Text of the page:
The controlled experiments are being conducted in growth chambers in order to compare seedling survival and growth between and within the species across an array of light and soil moisture regimes. These experiments were started at the same time and location as the field experiments. They are a series of matrix tests comprised of five light regimes, three watering levels, and one spacing level. The light regimes include both quality duration and intensity. Light quality has been altered by using a particular mix of paint pigments added to a varnish base and sprayed on a plastic film (Lee, 1978). Light conditions resembling those of a forest understory were then created. Light intensity was altered by the amount of paint spray applied to the film. Response of seedlings to time exposed to sunlight is also being examined by subjecting seedlings to different durations of full sunlight. This has been done by using different spacings between the slats of Venetian blinds that have been laid horizontally over the seedlings to artificially create forest understory sunflecks. The watering levels range from well watered (continuously moist) to water stressed (periodically dry). The same microenvironmental and seedling measurements are being made in the growth chambers as for the field experiments.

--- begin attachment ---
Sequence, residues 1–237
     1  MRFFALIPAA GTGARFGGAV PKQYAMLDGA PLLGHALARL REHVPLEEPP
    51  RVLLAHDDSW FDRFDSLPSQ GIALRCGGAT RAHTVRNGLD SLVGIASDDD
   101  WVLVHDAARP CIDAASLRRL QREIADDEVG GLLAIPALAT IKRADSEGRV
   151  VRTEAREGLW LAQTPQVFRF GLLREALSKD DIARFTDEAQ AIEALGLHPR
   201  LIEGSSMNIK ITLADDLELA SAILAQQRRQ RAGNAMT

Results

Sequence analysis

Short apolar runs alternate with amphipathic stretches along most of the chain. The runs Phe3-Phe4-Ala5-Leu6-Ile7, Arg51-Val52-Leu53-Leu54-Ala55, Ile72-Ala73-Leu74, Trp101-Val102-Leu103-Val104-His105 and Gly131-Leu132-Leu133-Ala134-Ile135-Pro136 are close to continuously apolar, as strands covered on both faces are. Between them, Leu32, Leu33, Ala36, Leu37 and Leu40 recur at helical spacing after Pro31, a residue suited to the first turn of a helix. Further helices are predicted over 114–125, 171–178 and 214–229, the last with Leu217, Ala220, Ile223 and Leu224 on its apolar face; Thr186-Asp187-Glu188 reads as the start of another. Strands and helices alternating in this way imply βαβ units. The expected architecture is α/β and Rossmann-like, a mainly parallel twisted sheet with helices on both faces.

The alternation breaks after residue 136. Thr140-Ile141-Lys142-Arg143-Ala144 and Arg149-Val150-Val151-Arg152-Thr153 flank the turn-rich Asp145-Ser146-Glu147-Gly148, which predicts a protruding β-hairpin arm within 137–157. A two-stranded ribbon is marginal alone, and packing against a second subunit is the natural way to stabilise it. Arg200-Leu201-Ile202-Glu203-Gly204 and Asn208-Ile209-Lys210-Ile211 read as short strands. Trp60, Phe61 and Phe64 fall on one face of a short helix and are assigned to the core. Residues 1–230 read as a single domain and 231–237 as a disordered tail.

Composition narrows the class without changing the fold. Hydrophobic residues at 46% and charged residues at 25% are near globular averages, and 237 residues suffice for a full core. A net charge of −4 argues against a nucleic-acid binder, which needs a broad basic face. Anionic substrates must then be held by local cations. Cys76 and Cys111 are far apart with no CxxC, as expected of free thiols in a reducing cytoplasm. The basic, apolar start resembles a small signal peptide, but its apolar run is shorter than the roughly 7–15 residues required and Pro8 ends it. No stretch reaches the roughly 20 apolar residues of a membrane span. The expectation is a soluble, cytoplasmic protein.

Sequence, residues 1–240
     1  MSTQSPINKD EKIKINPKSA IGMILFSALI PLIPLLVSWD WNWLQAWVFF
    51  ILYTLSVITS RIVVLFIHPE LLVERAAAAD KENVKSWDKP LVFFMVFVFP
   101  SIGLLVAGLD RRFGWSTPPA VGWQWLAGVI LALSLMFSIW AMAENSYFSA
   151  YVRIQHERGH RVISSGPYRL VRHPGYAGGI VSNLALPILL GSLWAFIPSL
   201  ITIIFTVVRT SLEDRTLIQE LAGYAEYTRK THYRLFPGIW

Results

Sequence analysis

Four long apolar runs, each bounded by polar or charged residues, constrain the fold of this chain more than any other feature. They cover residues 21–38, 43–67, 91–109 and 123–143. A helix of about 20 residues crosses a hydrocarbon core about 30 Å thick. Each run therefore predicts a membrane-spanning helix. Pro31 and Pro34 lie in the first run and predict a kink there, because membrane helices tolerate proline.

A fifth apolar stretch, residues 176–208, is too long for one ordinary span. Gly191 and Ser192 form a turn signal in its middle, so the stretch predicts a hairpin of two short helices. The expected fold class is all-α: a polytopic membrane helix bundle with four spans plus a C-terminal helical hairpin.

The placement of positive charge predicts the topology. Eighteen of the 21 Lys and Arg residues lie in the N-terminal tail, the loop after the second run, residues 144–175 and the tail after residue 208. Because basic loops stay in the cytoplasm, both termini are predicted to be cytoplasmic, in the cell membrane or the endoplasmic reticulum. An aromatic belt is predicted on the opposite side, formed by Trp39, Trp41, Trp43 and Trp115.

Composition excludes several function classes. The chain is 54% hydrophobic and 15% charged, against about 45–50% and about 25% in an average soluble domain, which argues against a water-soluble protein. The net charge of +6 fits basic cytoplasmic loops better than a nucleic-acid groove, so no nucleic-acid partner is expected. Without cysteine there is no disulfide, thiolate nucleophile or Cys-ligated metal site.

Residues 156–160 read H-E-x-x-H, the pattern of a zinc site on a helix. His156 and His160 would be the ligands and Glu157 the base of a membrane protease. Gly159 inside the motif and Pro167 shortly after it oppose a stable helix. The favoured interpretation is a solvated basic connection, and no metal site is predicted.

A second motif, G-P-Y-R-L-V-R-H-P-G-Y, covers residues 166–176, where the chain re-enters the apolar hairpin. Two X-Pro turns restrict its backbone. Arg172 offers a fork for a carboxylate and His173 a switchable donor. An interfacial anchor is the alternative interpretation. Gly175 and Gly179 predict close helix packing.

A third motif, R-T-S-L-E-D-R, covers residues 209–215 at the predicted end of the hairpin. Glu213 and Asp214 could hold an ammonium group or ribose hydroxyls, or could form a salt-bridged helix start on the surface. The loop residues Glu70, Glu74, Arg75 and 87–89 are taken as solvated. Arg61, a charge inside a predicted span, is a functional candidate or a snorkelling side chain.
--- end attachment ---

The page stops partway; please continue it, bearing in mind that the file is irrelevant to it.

Leaf Anatomy and Physiology

Seedlings of each species will be grown in different controlled environments. Two light intensities, full sun and deep understory shade, and two moisture regimes, water stressed and non-stressed, will be created to represent the different environments. Leaves from each species will be sampled from the different growing environments and various anatomical characteristics measured: cuticle thickness; upper and lower epidermal cell size and number of layers: palisade cell size and number of layers; whole leaf thickness; stomata frequency, location and size; leaf hair frequency and size. Leaf samples from seedlings in the different environments will also be sampled for tissue water content, water potential, conductance and maximum carbon dioxide assimilation.